Unhappy and exasperated shareholders are now seeking an urgent court interdict to prevent what they see as wholesale changes to the TopTV service which are permanent and dangerous and which could be lethal to ODM should South Africa's broadcasting regulator not eventually approve the StarTimes bail-out application.
First National Media Investment Holdings and Atchuthandandan Moodley who together have a combined interest of 21,1% (20,4% and 0,7% respectively) are adamant to stop the business rescue plan being implemented by StarTimes from going any further.
The urgent court interdict will be brought on 29 October. If granted, it will further delay ODM's already delayed relaunch of its severely damaged TopTV brand into StarSat which was supposed to happen last week and which has been postponed to November.
With a court application and the interdict coming to the South Gauteng High Court, it now appears that a November launch of StarSat is also out of the question as conflict rages behind the scenes at TopTV.
The ODM shareholders voted on 30 April 2013 for China's StarTimes - already operational in several African countries - to take over a 20% share in the beleaguered company. What it means in reality is that StarTimes acquires an effective 65% economic interest in ODM.
A fifth of the shareholders have however been extremely concerned that On Digital Media will be "irreparably damaged" if the StarTimes business rescue plan goes ahead but isn't successful. Meanwhile some flaws in the implementation behind the scenes have already become very visible to not just shareholders but also to ordinary commercial TopTV subscribers.
"Currently the business rescue plan is the best opportunity for ODM, which is in a vulnerable position, to be rescued," says the shareholders, unhappy with what they claims are "significant aspects of the business rescue plan which appears to be permanent".
Already massive drama has been playing out behind the scenes at the company, once again rocking the struggling ODM as StarTimes' presence started to be felt the past two months.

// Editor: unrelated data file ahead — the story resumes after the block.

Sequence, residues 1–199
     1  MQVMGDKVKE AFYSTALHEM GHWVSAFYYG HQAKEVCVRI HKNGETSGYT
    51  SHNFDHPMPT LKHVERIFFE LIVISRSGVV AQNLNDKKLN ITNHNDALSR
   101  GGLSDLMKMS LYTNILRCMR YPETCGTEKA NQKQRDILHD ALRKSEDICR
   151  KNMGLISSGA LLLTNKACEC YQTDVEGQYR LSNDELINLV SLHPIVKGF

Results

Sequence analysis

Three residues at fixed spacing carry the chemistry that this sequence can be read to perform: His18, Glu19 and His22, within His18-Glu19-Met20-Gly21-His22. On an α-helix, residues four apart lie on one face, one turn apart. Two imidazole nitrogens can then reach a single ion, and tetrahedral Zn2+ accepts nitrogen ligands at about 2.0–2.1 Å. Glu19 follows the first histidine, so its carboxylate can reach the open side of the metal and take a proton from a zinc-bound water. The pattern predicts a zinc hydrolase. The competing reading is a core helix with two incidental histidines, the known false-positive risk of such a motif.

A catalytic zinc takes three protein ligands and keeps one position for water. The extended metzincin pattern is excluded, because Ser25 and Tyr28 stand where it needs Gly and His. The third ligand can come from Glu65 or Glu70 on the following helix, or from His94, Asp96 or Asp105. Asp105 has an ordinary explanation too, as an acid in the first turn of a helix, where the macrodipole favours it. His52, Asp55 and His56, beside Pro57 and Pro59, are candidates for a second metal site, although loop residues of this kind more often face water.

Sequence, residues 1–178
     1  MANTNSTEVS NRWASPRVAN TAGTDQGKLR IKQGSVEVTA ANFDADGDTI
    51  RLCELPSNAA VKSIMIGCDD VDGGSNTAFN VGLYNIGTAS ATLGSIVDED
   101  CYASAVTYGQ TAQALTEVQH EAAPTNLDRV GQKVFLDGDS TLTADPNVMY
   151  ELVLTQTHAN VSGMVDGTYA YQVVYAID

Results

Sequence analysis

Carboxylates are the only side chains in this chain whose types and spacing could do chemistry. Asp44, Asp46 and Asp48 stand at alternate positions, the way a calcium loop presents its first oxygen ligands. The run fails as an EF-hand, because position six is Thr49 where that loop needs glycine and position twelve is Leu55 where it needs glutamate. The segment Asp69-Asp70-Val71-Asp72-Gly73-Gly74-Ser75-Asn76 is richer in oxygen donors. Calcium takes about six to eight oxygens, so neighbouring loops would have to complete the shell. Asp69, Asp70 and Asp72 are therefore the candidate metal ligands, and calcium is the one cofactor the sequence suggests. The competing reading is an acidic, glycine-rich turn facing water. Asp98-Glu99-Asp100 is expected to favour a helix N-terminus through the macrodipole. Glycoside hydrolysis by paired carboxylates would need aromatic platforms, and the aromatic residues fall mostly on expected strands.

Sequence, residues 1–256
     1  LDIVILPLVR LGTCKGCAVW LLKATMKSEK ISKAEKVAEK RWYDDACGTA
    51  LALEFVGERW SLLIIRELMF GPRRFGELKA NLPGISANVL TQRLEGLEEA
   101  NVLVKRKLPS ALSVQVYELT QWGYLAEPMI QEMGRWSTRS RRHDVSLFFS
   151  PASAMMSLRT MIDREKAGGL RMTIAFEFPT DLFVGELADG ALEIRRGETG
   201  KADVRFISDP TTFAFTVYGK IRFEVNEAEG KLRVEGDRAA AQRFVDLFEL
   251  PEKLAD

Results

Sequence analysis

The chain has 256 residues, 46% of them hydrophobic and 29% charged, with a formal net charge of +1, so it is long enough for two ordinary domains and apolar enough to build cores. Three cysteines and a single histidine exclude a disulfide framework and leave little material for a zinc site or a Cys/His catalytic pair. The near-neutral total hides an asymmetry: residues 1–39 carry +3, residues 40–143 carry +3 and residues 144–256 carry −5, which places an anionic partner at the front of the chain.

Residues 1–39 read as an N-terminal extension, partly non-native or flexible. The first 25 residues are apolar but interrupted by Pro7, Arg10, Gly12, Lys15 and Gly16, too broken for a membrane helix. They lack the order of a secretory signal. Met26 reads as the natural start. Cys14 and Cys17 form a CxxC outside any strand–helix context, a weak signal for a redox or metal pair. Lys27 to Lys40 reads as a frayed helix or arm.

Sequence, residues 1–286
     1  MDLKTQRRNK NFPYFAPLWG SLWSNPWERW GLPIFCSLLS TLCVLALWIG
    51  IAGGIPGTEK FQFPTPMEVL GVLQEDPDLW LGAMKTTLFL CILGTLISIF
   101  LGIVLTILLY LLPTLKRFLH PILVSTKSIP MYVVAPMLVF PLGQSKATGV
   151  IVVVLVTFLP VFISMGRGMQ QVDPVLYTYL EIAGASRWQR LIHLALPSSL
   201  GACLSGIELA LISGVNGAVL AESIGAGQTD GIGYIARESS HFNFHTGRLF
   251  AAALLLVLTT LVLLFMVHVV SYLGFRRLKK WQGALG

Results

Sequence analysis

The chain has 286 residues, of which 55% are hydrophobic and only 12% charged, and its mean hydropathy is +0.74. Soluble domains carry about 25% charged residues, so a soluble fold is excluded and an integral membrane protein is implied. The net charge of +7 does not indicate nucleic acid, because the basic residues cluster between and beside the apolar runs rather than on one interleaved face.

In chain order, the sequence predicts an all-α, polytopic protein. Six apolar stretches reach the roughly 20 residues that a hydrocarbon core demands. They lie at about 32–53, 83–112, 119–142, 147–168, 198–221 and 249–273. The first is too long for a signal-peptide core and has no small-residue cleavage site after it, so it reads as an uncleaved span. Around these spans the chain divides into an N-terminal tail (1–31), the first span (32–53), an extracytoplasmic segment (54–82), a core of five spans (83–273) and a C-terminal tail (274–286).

It's been playing out for TopTV subscribers on their TV screens with weird new unexplained content, as well as high frustration and a consumer backlash over a new billing system which was introduced and instantly malfunctioned.
The ODM shareholders say that StarTimes is under financial stress of its own and that if StarTimes' business rescue plan proceeds that it will increase the risk of the business possible failing.
The shareholders are extremely concerned over the fact that StarTimes has been given control over ODM's billing methods and programming and they are worried over how ODM's own content - which it used to control - were suddenly sidelined and "outsourced" to China.
Then there is also grave concern over the termination of ODM's termination of German uplink contracts which were switched to StarTimes in Beijing as well, and ODM's cancellation of satellite space on the SES satellite platform service which was taken over by StarTimes.
"In this respect, all content being broadcast into South Africa is now under foreign control," says the shareholders.
"This act by the business rescue practitioner outsources the very core of ODM's top channels which are packaged and owned by ODM. The ability to reactivate these channels will be a very lengthy process and the loss of these channels on the ODM product bouquet will certainly result in a huge loss of the subscriber base," says the shareholders.
These big changes have been done with the Independent Communications Authority of South Africa (Icasa) which has not even approved ODM's change of shareholding application with the broadcasting regulator.
Icasa is still considering and has to make a decision on ODM's request, submitted last month, requesting approval of the massive foreign shareholder change with StarTimes. In the application ODM asked for the unconditional transfer of the ENCS licence from ODM to Newco, which is in fact StarTimes Media SA.
If it's not approved, and with StarTimes already in control of crucial business aspects of ODM, ODM will be essentially cut off and lose its link to its TopTV subscribers without content and satellite distribution capability.
"The ownership and control of ODM is misrepresented in the Icasa application in order to circumvent the criteria for holding and transferring an individual Broadcasting Service Licence and an ENCS licence," the shareholders say.
"In my extensive experience as previous CEO of ODM, and from my long experience in the industry, it is clear that once a subscriber is lost, it is very costly and difficult to win that subscriber back," says Vino Govender.
"Unhappy subscribers who have cancelled their contracts and moved to ODM's competitors often do not return despite massive marketing attempts."